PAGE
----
1) to work at night;
2) that if you cannot gain what you want in one night to try again the next night;
3) to love your co-workers just as thieves love each other;
4) to be willing to risk your life even for a little thing;
5) not to attach too much value to things even though you have risked your life for them — just as a thief will resell a stolen article for a fraction of its real value;
6) to withstand all kinds of beatings and tortures but to remain what you are;
7) to believe that your work is worthwhile and not be willing to change it.
One particular fragment of it has stayed with me over the years — the kind of pure mountain spring on which the spirit is refreshed again and again with each visit.
When Cott asks what kind of life Dylan believes in, in the absence of such proof, he holds up “real life” — the reality of life he experiences “all the time,” but which lies “beyond this life.” (I am reminded here of Saul Bellow’s superb Nobel Prize acceptance speech from the same era: “Only art penetrates… the seeming realities of this world. There is another reality, the genuine one, which we lose sight of. This other reality is always sending us hints, which without art, we can’t receive.”)
From a thief you can learn
Just before Christmas in 1977, the thirty-six-year-old Bob Dylan sat down for a long conversation with Jonathan Cott. Included in Cott’s endlessly wonderful book Listening: Interviews, 1970–1989 (public library), it remains Dylan’s most soulful and deepest-fathoming interview, replete with his reflections on vulnerability, the meaning of integrity, and the power of music as an instrument of truth.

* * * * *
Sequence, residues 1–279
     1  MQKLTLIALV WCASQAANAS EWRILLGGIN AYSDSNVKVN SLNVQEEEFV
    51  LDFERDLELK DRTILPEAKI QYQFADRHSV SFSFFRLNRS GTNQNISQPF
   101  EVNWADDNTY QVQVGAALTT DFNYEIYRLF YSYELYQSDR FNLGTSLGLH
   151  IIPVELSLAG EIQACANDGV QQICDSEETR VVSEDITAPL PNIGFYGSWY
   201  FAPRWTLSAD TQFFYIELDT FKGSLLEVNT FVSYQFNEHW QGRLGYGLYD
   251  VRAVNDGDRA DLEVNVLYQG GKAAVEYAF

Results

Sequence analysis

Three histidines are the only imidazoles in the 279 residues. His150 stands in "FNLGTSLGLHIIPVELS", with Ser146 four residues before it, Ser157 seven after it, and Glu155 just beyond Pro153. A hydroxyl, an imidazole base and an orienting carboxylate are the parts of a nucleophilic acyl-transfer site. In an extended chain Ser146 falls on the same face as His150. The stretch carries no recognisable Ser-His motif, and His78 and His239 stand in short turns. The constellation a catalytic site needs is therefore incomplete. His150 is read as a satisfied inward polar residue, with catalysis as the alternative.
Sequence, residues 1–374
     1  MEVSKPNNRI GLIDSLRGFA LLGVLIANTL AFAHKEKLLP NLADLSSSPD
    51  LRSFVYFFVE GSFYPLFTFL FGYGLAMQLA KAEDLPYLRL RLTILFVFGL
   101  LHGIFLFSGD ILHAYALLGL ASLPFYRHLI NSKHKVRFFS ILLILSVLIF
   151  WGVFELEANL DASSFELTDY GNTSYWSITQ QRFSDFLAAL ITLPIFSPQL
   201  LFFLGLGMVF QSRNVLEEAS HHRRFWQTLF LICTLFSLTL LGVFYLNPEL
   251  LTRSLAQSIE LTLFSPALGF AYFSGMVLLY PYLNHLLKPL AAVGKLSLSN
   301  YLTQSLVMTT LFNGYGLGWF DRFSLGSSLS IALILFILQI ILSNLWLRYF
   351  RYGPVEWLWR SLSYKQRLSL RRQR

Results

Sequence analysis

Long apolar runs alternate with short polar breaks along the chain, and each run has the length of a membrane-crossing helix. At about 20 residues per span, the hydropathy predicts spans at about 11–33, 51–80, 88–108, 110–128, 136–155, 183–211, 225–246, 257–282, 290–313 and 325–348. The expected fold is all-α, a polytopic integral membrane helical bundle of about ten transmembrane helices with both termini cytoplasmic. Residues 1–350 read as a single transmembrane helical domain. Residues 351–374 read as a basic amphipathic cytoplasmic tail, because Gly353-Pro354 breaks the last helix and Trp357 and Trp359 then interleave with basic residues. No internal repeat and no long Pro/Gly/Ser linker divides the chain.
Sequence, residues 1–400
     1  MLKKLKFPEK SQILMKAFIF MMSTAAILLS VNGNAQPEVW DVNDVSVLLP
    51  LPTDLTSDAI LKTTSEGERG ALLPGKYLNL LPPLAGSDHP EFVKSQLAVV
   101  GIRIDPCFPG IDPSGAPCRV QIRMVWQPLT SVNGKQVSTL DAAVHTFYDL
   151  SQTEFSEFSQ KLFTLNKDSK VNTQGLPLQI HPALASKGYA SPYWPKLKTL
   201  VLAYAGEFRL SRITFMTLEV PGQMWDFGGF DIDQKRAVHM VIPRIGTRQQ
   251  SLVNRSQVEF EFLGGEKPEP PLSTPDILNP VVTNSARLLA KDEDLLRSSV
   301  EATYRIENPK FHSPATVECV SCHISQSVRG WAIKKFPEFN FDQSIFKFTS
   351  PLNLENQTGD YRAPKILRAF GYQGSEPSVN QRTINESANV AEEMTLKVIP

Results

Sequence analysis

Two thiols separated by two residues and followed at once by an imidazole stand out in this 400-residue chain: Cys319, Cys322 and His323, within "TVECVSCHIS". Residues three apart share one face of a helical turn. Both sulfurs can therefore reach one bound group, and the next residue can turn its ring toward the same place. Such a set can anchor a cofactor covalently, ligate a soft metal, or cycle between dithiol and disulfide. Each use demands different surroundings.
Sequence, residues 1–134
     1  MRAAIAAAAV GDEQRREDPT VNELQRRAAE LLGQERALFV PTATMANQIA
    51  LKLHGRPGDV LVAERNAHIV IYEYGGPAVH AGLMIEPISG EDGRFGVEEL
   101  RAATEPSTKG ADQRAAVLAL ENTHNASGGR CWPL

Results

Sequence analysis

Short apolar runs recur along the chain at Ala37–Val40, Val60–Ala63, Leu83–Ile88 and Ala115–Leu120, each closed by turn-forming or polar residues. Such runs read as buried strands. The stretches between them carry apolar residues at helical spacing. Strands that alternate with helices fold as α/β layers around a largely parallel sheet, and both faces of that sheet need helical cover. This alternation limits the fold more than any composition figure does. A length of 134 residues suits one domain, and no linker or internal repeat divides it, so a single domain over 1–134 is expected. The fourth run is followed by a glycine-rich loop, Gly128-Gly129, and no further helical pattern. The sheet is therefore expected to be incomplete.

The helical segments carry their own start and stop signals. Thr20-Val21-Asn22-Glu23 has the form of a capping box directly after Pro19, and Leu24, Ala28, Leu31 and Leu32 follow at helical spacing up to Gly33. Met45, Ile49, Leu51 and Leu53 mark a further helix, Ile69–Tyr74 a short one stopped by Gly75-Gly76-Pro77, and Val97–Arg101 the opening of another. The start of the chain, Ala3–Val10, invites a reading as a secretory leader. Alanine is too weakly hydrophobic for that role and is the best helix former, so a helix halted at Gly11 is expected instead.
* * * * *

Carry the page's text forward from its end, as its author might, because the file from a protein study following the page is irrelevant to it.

Complement with Dylan on the unconscious mind and Leonard Cohen’s lessons in the art of stillness, then revisit the four Buddhist mantras for turning fear into love.
1) to always to be happy;
2) never to sit idle;
3) to cry for everything you want.
This prompts the ever-erudite Cott to read for Dylan a teaching by the Hasidic rabbi Dov Baer, the Maggid of Mezeritch, in which he sees a mirroring of Dylan’s creative ethos and way of being in the world. It so captivates Dylan as “the most mind-blazing chronicle of human behavior,” exceeding in wisdom any of the “gurus and yogis and philosophers and politicians and doctors and lawyers,” that he asks for a copy to pin to his wall.
Two decades before string theorists formulated the holographic principle — a property of quantum gravity under which the three-dimensional universe we perceive might be a two-dimensional hologram — Dylan tells Cott:
We’re all wind and dust anyway… We don’t even have any proof that the universe exists. We don’t have any proof that we are even sitting here. We can’t prove that we’re alive.
From a child you can learn